Virgin and Child, focus of piety. Photo: Vivian Grisogono

Vela Gospa: a major feast for Catholic Croatia, and in Splitska (probably elsewhere too) a fine mixture of piety and hedonism, perhaps accurately reflecting the contrasts inherent in the Dalmatian way of life.

© Vivian Grisogono 2016

Related items

You are here: Home highlights Summer's major feast: Vela Gospa

Eco Environment News feeds

  • Mount Etna, India’s ship graveyard and trees in Africa are among the images captured by European Space Agency and Nasa satellites last month

    The Mackenzie river system is Canada’s largest watershed, and the 10th largest water basin in the world. The river runs 4,200km (2,600 miles) from the Columbia icefield in the Canadian Rockies to the Arctic Ocean. If your vehicle weighs less than 22,000lb, you can drive the frozen river out to Reindeer Station. The bitterly cold ice road runs for 194km between the remote outposts of Inuvik and Tuktoyaktuk. White, snow- and ice-covered waterways of the east channel of the Mackenzie river delta stand out amid green, pine-covered land. The low angle of the sunlight bathes the higher elevations in golden light. The pond- and lake-covered lands around the river are home to caribou, waterfowl, and a number of fish species. Several thousand reindeer travel through this area each year on the way to their calving grounds.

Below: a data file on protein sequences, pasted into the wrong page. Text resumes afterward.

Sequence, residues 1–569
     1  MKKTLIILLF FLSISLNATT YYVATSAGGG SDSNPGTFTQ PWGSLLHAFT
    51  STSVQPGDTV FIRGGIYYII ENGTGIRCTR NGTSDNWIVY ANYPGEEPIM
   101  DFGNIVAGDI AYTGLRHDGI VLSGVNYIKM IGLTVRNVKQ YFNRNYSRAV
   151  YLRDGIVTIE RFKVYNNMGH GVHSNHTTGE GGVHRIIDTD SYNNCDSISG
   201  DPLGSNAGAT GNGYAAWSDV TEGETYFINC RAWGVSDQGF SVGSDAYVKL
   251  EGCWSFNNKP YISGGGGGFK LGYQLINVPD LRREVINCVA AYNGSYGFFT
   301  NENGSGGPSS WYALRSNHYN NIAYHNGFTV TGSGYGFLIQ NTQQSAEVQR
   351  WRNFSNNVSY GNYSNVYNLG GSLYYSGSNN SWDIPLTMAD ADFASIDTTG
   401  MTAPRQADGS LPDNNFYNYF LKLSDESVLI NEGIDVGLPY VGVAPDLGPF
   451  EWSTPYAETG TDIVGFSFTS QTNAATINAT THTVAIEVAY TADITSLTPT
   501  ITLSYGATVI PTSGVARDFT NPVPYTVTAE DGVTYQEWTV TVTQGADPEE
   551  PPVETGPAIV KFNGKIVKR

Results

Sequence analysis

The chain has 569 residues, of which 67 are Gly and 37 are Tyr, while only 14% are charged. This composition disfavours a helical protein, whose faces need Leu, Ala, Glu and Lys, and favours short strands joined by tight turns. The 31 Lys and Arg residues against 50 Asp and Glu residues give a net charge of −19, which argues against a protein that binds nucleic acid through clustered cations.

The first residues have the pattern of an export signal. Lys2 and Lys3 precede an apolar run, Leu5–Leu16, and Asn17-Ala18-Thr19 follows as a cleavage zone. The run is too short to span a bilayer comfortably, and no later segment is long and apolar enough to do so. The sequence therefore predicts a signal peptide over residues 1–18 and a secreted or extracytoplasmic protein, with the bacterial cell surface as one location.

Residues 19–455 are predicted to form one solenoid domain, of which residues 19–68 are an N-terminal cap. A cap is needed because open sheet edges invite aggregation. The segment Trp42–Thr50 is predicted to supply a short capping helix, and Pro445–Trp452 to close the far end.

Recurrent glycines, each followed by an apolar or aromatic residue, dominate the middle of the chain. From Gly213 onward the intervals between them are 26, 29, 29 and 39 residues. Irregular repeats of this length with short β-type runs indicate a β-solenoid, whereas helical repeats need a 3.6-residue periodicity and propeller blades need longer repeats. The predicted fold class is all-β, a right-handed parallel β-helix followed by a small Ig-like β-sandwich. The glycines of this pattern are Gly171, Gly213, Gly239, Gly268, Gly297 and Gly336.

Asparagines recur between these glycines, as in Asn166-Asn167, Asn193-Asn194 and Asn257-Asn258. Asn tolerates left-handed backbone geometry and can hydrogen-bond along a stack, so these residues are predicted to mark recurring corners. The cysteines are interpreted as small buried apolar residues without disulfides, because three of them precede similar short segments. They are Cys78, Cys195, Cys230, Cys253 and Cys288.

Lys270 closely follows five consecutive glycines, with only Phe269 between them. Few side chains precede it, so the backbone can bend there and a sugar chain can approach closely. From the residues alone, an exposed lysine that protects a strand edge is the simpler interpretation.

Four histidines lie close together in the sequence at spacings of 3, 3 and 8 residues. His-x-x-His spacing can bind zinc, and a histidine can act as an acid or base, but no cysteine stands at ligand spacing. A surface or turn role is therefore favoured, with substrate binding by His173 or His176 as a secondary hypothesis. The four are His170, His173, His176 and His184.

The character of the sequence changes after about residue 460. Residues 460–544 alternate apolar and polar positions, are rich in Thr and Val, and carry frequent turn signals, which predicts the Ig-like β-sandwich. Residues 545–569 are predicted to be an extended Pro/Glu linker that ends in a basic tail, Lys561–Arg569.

Continue reading...

    • Interior secretary to review past presidents’ national monument designations
    • Designation of monuments could be ‘rescinded, modified or resized’

    Donald Trump is triggering a review of protections that cover more than a billion acres of US public land and waters in a move that could potentially rescind the designation of several national monuments declared by previous presidents.

    Trump will on Wednesday sign an executive order relating to the Antiquities Act, a law introduced by President Teddy Roosevelt in 1906 which gives presidents the ability to name areas of federal land and waters as national monuments. The order will direct Ryan Zinke, the secretary of the interior, to review about 30 national monuments that are larger than 100,000 acres and have been declared since 1996.

    Continue reading...

  • Wildflowers have erupted across California deserts in the past month in a phenomenon known as a ‘super bloom’. After heavy rainfall ended months of drought, the flowers carpeted such vast areas that the transformation was visible from space